We Are Living Better Than Our Parents

We Are Living Better Than Our Parents

Contrary to all the negative news headlines our lives are better than they were forty years ago.
Join Senior Financial Advisors Rob McClelland and Mike Connon as they explore some fun facts they discovered in 24 charts that show we’re (mostly) living better than our parents. From healthier lifestyles to better cars it looks like we’re not doing too badly.

“Key Points”

Healthier Lifestyles
Access to Commodities

and more

Source: Timothy B Lee, Full Stack Economics 24 charts that show we’re (mostly) living better than our parents June 29, 2022



Rob (00:00):

Hello, this is Rob and Mike from The McClelland Financial Group of Assante Capital Management. And this is ThinkSmart with TMFG. Today on ThinkSmart with TMFG Mike and I are going to be discussing, we are living better than our parents did. Mike, I thought it was time for us to do a positive podcast on some of the good things that are happening. And I came across this interesting article. It was called 24 charts that show your living better than your parents. So I thought we should discuss a few of the findings in there.

Mike (00:39):

It was funny. I was in Ireland about a month ago and we got to tour the Irish Immigration Museum. And as we both talked about before travelling isn’t as easy it used to be. Right. You go through it, it takes long lines of the airports and delays and all the hassle of losing your luggage. And when I went to the Irish Immigration Museum, they were showing the ships that used to bring people from Ireland over to the US. And they were called coffin ships because 50% of people that left ended up in a coffin by the time they got to the destination. So that’s when I thought, yeah, maybe the travel isn’t that bad.

Rob (01:15):

Well, there you go. And not even going back to that age, but even in the last 30 years, things have changed dramatically. The problem is when you hear the radio or the television, or pick up a newspaper, all you hear is that things are getting worse and that the middle-class people can barely survive, that are younger generations through no fault of their own, have a lower standard of living than their parents. And what this data sort of says is that’s not really true. And so let’s explore just some of the data and some of the highlights of it. And let’s start with an easy one. Here’s what’s trending up. We are eating healthier.

Rob (01:59):

Now a lot of people are going to argue that, but if you just looked at the expansive change in fresh fruit in stores, there are not many stores you can go into in Canada where you can’t get fresh blueberries, raspberries, blackberries, and strawberries, even compared to the 1980s, that has changed threefold into what you can get versus what you could get back then. They didn’t exist. The only time I had blueberries as a kid was during the summer when they’d be picked, that was it. And so that’s just fruit. Let’s go to vegetables. 1985, the four most popular vegetables were onions, tomatoes, and heads of lettuce. And we’re talking like the head.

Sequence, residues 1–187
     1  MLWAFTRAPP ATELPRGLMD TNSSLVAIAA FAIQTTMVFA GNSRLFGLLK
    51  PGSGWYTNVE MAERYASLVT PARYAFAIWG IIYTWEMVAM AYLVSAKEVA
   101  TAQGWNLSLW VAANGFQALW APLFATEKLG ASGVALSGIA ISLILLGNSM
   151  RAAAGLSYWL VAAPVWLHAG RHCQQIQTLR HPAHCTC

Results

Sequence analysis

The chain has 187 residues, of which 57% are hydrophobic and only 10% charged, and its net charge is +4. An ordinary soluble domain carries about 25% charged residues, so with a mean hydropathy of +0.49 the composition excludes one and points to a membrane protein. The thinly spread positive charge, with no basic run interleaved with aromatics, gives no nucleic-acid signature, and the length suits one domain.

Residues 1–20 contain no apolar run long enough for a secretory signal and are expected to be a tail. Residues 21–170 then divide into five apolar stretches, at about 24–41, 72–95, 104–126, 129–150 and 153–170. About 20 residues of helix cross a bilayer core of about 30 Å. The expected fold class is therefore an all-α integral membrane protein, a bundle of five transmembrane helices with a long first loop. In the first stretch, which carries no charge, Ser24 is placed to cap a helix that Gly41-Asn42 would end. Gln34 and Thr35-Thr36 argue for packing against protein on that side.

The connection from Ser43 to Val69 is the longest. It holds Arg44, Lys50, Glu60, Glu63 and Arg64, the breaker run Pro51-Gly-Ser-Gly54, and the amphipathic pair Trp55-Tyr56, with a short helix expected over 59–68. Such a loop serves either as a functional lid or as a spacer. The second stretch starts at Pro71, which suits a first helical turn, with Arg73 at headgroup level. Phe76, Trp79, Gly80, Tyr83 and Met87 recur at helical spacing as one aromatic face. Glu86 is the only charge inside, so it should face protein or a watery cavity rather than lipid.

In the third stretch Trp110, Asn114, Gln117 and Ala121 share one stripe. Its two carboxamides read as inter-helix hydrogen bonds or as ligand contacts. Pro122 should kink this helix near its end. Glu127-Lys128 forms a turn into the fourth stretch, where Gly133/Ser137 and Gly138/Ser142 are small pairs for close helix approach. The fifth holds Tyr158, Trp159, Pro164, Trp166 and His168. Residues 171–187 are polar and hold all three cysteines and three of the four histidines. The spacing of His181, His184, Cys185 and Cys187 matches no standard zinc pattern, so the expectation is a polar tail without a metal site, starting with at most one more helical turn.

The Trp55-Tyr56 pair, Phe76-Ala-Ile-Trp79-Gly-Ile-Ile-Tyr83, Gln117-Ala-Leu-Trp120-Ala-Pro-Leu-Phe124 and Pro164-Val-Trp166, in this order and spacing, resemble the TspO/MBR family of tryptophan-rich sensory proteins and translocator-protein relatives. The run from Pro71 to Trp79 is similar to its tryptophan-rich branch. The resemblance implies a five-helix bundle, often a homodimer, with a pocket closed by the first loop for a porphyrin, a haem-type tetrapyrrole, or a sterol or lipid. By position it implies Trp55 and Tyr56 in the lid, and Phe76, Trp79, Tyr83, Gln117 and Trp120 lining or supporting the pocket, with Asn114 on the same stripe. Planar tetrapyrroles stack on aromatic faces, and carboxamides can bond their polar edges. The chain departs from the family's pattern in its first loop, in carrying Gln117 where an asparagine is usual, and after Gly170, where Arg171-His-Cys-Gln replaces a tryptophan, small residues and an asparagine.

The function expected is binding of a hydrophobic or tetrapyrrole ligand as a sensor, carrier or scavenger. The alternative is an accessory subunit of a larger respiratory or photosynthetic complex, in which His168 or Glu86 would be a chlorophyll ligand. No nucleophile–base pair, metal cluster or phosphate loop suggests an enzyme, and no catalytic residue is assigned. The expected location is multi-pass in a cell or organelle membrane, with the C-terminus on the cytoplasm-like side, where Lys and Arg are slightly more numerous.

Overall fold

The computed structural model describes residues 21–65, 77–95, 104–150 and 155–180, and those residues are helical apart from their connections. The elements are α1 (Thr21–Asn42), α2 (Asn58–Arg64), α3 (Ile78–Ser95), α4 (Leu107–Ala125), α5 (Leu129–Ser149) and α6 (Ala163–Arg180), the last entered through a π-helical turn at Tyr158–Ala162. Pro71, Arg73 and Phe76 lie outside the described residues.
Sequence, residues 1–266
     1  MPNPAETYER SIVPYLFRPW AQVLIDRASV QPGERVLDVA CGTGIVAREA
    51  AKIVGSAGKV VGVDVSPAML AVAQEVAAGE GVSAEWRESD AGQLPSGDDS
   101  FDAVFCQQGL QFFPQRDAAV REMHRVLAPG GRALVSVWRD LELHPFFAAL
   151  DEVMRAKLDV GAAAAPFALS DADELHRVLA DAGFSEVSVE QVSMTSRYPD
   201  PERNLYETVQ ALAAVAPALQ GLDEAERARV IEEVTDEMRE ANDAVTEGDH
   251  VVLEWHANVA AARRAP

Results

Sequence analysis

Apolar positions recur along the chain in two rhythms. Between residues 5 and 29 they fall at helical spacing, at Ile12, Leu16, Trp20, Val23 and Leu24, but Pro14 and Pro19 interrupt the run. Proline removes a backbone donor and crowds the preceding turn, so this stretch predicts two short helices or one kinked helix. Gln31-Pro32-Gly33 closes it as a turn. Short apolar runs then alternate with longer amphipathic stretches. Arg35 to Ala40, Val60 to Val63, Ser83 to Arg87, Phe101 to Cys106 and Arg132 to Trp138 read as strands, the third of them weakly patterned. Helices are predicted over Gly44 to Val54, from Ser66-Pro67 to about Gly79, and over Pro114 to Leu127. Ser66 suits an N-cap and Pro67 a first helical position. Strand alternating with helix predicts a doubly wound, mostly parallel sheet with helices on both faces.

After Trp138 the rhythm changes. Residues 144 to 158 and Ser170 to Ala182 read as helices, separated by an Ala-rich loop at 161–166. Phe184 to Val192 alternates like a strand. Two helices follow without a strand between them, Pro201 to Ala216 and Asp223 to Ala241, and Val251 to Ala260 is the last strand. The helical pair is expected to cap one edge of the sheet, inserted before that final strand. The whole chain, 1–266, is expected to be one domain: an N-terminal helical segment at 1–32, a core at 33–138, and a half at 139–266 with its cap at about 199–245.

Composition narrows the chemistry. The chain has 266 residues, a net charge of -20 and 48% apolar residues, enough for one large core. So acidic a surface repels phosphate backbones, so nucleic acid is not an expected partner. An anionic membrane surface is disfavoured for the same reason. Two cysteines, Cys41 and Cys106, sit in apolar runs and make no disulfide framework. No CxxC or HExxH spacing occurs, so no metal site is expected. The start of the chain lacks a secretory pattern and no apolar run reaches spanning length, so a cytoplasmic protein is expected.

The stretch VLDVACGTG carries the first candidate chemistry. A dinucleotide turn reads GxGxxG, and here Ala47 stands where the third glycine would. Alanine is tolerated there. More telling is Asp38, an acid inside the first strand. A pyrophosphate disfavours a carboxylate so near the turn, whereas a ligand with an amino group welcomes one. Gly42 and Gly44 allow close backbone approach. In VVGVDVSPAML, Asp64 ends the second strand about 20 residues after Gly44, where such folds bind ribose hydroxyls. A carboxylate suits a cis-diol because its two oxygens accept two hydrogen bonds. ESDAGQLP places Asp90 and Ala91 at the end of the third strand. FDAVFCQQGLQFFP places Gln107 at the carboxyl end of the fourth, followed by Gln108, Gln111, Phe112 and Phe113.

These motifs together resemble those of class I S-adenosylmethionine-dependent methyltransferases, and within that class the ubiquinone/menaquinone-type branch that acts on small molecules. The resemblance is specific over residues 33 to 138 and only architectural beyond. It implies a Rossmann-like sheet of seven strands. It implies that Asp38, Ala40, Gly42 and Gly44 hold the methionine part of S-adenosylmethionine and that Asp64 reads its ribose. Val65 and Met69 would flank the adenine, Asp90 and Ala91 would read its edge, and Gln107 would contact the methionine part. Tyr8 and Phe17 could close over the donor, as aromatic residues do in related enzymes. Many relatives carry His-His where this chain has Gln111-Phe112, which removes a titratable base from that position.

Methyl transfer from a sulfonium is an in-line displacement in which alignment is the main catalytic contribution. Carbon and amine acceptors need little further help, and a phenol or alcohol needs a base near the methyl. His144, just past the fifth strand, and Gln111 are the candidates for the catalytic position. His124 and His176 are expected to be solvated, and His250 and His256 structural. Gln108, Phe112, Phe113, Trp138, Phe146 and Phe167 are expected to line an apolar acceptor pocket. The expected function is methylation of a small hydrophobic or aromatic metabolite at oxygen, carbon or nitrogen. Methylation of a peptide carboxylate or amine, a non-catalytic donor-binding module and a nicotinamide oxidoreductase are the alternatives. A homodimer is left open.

Mike (02:47):


Rob (02:49):

And potatoes. And you’re a big fan of potatoes.

Mike (02:52):

That sounds like my diet. I don’t think I’ve changed.

Rob (02:54):

You may not have changed.

Mike (02:56):

The stuff is in the store though. I do know that.

Rob (02:58):

But today, right, you can get avocados, asparagus, broccoli, romaine lettuce year round, pretty much regardless of where you live in this country or in North America, for that matter. Some of the other things that have become cheaper hammers, ladders, tools, televisions. You could go out and buy a 60 inch TV for $1000 today.

Mike (03:24):

Do you know when I started first working, I leased a computer. I went because I couldn’t afford to buy a computer because there was still a few thousand dollars at that point. And this was something that has 1000th of power of my iPhone nowadays, but it was a 286 or where they were at that time. And I remember it was like $2,400. And I had to go to a leasing company. It took me two years to lease, monthly payments.

Rob (03:48):

Well, it’s interesting having done Zoom calls over the last year with a lot of clients, I’ve realized some of my clients have very old computers at home and I’m like, you could just go down to Best Buy and for six, $700 they could get you a great new computer with microphones and video cameras all built in twice, three times as fast as the one you’re working on today, trying to connect to a Zoom call. So that’s completely changed. Now, Mike, you’re a truck guy.

Mike (04:18):


Rob (04:18):

Always liked your trucks. What’s happened to automobiles?

Mike (04:23):